Be Blessed: The Beatitudes and a Flourishing Life
User’s Guide to Sunday, Jan. 29: St. Thomas Aquinas comments that the happiness described in the beatitudes is a stable happiness not easily unsettled or taken away.
Sunday, Jan. 29, is the Fourth Sunday in Ordinary Time. Mass readings: Zephaniah 2:3; 3:12-13; Psalm 146:6-7, 8-9, 9-10; 1 Corinthians 1:26-31; Matthew 5:1-12a.
The beatitudes in today’s Gospel are difficult to understand because many of them are paradoxical. The Greek word makarioi in today’s text can be rendered as “blessed” or “happy.”
St. Thomas Aquinas comments that the happiness described in the beatitudes is a stable happiness not easily unsettled or taken away. As such, it describes a kind of flourishing that is more than an emotion or passing happiness. There is not time in this short reflection to look at all the beatitudes. Let’s limit ourselves here to the most paradoxical ones:
Blessed are the poor in spirit, for the kingdom of God is theirs. In other words, how blessed and flourishing your life becomes when you are no longer so desirous of the passing wealth and pleasure and preoccupations of this world, but have your heart centered on the eternal glories of heaven: These glories are for us a promised treasure and will not disappoint! Blessed indeed are we if we grasp this truth.
Blessed are those who mourn, for they will be comforted. In other words, how flourishing and blessed your life becomes when you are no longer emotionally addicted to the need for worldly happiness and accept that this world has its trials. The mournful are not depressed; rather, they are comforted and strengthened, understanding that our afflictions in this age produce glory for us in the next (e.g., 2 Corinthians 4:17). Even in woe, there is a serenity that comes from this acceptance of sorrow and suffering.
Blessed are those who hunger and thirst for righteousness, for they will be satisfied. In other words, how blessed and flourishing your life becomes when your desires are turned from passing worldly things and are focused on the righteousness that brings true happiness. We hunger for God’s word and devour it when we find it. We rejoice to see God put sin to death in us and bring about virtue. We are blessed, excited and satisfied at what God is doing in our lives. How flourishing our lives become when we desire what really produces joy.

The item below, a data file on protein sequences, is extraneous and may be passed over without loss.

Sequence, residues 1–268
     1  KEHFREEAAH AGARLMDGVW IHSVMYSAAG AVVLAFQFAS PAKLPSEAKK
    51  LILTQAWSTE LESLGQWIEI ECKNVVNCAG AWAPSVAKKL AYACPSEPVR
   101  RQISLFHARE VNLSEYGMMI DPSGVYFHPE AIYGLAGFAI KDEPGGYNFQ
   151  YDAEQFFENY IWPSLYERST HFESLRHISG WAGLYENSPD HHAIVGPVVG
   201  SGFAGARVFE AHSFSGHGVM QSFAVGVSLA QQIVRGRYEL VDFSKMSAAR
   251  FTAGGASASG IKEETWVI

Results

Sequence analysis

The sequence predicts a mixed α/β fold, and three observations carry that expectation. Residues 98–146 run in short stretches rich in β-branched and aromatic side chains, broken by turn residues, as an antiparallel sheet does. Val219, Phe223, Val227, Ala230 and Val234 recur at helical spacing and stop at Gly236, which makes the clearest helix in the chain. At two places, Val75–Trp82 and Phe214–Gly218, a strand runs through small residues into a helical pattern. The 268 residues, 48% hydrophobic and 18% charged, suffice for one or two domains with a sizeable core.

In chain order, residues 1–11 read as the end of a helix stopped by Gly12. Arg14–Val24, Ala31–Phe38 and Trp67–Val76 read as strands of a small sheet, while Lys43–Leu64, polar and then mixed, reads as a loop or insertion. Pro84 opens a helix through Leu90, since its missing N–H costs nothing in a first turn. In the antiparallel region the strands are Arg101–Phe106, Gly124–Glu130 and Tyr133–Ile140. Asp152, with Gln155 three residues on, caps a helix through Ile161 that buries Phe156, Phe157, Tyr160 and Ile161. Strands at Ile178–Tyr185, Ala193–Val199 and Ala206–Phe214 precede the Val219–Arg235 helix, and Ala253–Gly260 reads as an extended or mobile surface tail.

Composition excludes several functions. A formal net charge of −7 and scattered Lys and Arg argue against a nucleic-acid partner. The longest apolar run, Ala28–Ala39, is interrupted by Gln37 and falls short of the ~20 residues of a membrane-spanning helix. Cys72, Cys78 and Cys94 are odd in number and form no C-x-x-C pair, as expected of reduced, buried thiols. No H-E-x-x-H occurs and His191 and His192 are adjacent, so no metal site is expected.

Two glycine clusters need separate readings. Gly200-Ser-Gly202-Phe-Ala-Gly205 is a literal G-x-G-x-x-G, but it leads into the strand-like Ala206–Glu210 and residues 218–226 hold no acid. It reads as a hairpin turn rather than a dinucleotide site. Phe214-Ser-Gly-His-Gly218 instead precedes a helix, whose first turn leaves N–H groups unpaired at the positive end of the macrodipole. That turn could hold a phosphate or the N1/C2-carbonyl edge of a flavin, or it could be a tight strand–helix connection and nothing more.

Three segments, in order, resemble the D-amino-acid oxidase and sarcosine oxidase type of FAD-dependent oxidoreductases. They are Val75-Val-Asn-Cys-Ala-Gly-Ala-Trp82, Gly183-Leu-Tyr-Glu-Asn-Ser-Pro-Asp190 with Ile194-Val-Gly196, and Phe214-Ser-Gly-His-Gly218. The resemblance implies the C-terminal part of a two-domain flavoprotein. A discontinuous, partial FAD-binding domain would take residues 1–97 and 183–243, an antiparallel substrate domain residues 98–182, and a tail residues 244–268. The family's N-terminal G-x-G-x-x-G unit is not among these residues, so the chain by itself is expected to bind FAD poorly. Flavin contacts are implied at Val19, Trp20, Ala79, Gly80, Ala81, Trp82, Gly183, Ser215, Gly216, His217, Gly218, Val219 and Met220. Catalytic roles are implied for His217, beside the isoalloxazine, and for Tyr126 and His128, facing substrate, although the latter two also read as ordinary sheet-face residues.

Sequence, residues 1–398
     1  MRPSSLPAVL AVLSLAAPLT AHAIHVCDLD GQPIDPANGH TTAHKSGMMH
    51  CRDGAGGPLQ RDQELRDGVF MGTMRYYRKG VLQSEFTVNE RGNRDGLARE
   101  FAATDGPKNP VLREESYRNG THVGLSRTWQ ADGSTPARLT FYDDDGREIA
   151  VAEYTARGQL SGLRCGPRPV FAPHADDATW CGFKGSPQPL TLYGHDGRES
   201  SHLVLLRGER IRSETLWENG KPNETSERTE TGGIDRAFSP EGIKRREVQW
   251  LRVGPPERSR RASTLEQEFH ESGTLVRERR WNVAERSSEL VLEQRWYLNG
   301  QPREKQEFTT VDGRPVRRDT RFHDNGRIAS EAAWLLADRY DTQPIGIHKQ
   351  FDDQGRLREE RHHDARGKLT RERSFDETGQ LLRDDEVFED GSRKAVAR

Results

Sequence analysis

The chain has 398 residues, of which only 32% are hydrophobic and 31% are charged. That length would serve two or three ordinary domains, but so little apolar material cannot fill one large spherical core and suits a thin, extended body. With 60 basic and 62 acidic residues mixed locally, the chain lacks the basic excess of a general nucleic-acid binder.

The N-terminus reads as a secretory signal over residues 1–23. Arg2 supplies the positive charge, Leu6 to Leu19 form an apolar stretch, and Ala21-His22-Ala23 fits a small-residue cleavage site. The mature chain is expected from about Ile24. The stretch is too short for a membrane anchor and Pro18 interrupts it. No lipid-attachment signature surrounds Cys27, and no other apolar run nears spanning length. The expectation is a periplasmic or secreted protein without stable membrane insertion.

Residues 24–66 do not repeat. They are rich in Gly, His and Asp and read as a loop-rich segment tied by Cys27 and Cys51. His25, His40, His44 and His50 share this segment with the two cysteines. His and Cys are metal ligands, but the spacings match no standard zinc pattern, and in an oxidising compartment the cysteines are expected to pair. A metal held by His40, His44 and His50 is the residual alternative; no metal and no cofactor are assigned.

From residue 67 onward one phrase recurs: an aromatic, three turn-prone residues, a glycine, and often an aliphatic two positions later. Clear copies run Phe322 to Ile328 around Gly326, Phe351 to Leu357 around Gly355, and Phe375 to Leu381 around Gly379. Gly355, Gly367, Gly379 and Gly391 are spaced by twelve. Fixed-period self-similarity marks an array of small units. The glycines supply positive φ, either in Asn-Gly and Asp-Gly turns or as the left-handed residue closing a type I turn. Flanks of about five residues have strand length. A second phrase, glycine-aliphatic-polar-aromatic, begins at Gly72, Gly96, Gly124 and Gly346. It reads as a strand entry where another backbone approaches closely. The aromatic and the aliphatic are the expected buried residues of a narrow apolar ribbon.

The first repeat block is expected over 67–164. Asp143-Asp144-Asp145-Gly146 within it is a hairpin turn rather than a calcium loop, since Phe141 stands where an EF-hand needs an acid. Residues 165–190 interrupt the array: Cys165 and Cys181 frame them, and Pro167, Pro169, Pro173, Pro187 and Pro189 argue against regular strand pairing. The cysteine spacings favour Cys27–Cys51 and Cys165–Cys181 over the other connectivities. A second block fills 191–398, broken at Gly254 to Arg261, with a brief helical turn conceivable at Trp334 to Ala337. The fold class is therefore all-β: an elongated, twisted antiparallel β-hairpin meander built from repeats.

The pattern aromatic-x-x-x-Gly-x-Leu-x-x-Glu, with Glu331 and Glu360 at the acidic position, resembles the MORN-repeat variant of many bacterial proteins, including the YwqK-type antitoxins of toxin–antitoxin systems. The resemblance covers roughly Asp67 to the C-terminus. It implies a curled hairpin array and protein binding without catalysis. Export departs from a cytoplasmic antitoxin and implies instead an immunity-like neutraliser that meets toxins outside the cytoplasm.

Blessed are the pure of heart, for they shall see God. In other words, how blessed and flourishing your life becomes when you have your heart increasingly centered on one thing, the kingdom of God. (The Greek term, translated here as “pure” is more literally translated as “single-hearted.”) It is so easy for us to feel torn by contrary drives and wishes. The Book of James says that the man of two minds is unstable in all his ways (1:8). Blessed are those who can say, with St. Paul, “[T]his one thing I do. … I press on to the prize marked out for me in Christ Jesus” (Philippians 3:13).
How blessed and flourishing life becomes when we are single-hearted and centered on one thing, one purpose. We “see God” because we are no longer distracted by so many lesser things.
Blessed are those who are persecuted for righteousness’ sake, for theirs is the kingdom of God. In other words, how blessed and flourishing your life is when you are no longer obsessed with worldly popularity and so fearful of what others think of you. How liberating to be free of such a wearing and futile life focused on pleasing fickle human beings. So much fear and inner division goes away when we can receive this gift from God!
Life flourishes and gives a deep, stable, serene and confident joy as we focus on what really matters and leave behind the trifling and ultimately unfulfilling things of this world to seek what is above.
Blessed are they — and we — indeed!